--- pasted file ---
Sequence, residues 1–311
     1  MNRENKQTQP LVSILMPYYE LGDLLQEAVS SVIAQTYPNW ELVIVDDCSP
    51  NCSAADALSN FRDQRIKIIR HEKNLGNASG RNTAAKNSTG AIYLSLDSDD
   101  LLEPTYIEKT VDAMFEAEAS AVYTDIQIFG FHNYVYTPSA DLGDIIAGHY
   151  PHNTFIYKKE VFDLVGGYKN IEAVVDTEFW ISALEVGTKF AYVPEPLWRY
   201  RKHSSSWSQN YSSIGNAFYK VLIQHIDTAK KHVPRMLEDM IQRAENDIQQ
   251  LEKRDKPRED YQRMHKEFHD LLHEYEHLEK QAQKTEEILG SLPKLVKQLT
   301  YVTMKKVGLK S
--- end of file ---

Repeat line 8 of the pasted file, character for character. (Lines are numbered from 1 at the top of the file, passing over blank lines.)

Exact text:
   301  YVTMKKVGLK S